click links in text for more info


Cornouaille is a historic region on the west coast of Brittany in western France. The name is cognate with Cornwall in neighbouring Great Britain; this can be explained by settlement of Cornouaille by migrant princes from Cornwall creating an independent principality founded by Rivelen Mor Marthou, the founding of the Bishopric of Cornouaille by ancient saints from Cornwall. The two regions spoke a similar Brythonic language, which evolved into Cornish in Cornwall and the related Breton across the English Channel in Brittany; the toponym Cornouaille was established in the early Middle Ages in the southwest of the Breton peninsula. Prior to this, following the withdrawal of Rome from Britain, other British migrants from what is now modern Devon had established the region of Domnonea or Domnonée in the north of the peninsula, taken from the Latin Dumnonia; the region was first mentioned in surviving records by a Cornouaille-related name between 852 and 857, when Anaweten, bishop of Saint-Corentin at Quimper Cathedral, took over Cornugallensis under the order of Nominoe, Duke of Brittany and Tad ar Vro.

The names Cornwall and Cornouaille, like the surname Cornwallis, are from Corn-wealas. The first element is from the name of a Brythonic tribe Latinized as Cornovii, meaning'peninsula people', from the Celtic kernou,'horn, headland', it is a cognate of the English word horn, both being from PIE *ker-'uppermost part of the body, horn, summit'. The second element is the Anglo-Saxon suffix -wealas, from walh, a word used by the Germanic speakers for'a non-Germanic foreigner' Celtic speakers but sometimes used for Romance-language speakers. Walh is an element found in the words and names walnut, Wales, Wallace and Walsh. A Corn-/Kern- name was used in reference to the resettling of the new wave Celts from Great Britain in Dumnonian-seized lands; this is related to the difference between Grande-Bretagne and Bretagne in French, with Brittany having been thought of a British colony. In Breton, Cornouaille is known as Kernev or Bro-Gernev, in Latin as Cornugallia or Cornubia. In Cornish, Kernev is written Kernow.

Strong contacts between Armorica and southern Britain had been noted by Julius Caesar. Native British troops were hired to support the usurpation of Magnus Maximus, said to have settled them in Armorica. Settlements expanded. Strong links existed in the 6th century between the Armorican territories. Legends about King Arthur and the Matter of Britain make frequent reference to the maritime connections between the peoples of Wales, southern Ireland, Cornwall in southwestern Britain and the early kingdoms of Brittany, cf. the tale of Tristan and Iseult. The existence of an ancient district in Anjou called "la Cornuaille" has led to the hypothesis that Cornouaille may have been a geographical or military label for all of southern Brittany as far as the northern shore of Domnonée in the 6th or 7th century. At the origin of this feudal county, the reigning dynasty acceded to a dukedom of the region, which passed to the Ancient Lord-Bishop of Quimper; the name Cornouaille signifies the diocese of Quimper.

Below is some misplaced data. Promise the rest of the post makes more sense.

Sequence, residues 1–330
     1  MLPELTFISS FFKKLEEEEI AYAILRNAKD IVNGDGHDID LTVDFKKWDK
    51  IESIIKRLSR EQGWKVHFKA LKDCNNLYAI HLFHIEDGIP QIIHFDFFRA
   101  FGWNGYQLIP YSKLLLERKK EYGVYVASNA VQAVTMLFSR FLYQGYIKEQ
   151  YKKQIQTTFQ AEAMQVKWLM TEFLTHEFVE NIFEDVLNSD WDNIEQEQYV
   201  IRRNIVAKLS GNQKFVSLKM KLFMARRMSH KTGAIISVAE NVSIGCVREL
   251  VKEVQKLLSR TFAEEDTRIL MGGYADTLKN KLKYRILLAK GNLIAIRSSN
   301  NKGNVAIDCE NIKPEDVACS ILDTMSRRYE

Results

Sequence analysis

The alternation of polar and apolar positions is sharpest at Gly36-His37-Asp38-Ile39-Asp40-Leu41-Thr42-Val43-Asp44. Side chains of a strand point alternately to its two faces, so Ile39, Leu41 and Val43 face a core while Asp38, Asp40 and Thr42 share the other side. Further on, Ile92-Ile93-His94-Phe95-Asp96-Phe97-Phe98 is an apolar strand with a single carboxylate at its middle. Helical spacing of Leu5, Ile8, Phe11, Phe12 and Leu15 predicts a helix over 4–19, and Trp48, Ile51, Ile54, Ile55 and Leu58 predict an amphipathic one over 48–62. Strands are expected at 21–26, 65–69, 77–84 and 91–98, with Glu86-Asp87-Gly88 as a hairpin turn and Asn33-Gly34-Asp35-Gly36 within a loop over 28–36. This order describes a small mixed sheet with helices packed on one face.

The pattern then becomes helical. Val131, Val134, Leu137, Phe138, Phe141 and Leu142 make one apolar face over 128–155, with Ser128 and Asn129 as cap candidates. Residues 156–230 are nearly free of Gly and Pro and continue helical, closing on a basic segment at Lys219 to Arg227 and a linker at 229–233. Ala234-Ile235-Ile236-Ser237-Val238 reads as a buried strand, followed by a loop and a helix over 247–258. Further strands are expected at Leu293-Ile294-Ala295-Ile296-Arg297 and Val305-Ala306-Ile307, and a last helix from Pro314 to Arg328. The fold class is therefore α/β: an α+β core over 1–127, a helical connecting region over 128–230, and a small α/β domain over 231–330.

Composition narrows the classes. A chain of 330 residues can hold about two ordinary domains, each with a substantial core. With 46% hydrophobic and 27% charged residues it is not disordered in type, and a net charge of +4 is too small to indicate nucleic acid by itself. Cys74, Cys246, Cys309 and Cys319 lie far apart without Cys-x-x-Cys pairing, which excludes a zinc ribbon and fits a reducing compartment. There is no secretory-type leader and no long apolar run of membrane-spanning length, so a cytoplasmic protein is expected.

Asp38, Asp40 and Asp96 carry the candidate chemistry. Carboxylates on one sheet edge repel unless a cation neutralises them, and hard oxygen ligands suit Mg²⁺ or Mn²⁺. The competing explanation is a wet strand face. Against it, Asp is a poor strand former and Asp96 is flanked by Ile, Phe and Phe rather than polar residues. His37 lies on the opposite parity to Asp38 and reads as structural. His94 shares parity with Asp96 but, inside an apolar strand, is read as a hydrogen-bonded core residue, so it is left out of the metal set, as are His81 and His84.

The diocese covered more than half of the south of Finistère, extended over part of Morbihan and the Côtes-d'Armor. There were one for Cornouaille and one for Poher. There were a cantor, a treasurer, a theologian and twelve canons; this episcopal division was the poorest in Brittany. After the French Revolution, the new constitution created a diocese of Finistère, erasing that of the diocese of Kerne. Rivelen Mor Marthou Congar Daniel Drem Rud Melar Budic II Macliau Judicael - the county of Cornouaille is not yet defined, its leaders represent the interests of "western Brittany" and join the King of Brittany in fights against the Vikings. Riwallon Gourmaëlon Alan II Alain Canhiart Hoel of Cornouaille, who ruled Brittany as Duke jure uxoris. Alan IV

Joseph Davidson

Joseph Davidson was an English cricketer who played for Derbyshire between 1871 and 1874. He was a member of the team that played Derbyshire's first match in May 1871. Davidson was born in Brimington and became a coal miner, he played as a lower-order batsman in Derbyshire's first match as a county side in the 1871 season, an innings defeat of Lancashire. He played no part in the 1872 season, but played two matches for Derbyshire against Lancashire in the 1873 season and one match against Lancashire in the 1874 season. Davidson was a right-arm off-break bowler and took six first-class wickets, being overshadowed by Derbyshire's trio of Mycroft and Hickton, he was a right-handed batsman and played six innings in four first-class matches with an average of 4.66 and a top score of 8. Davidson's sons Frank and George both played for Derbyshire in the late 19th century, they lived at Brimington Common in 1881 where he died two years after his son George

Elchingen Abbey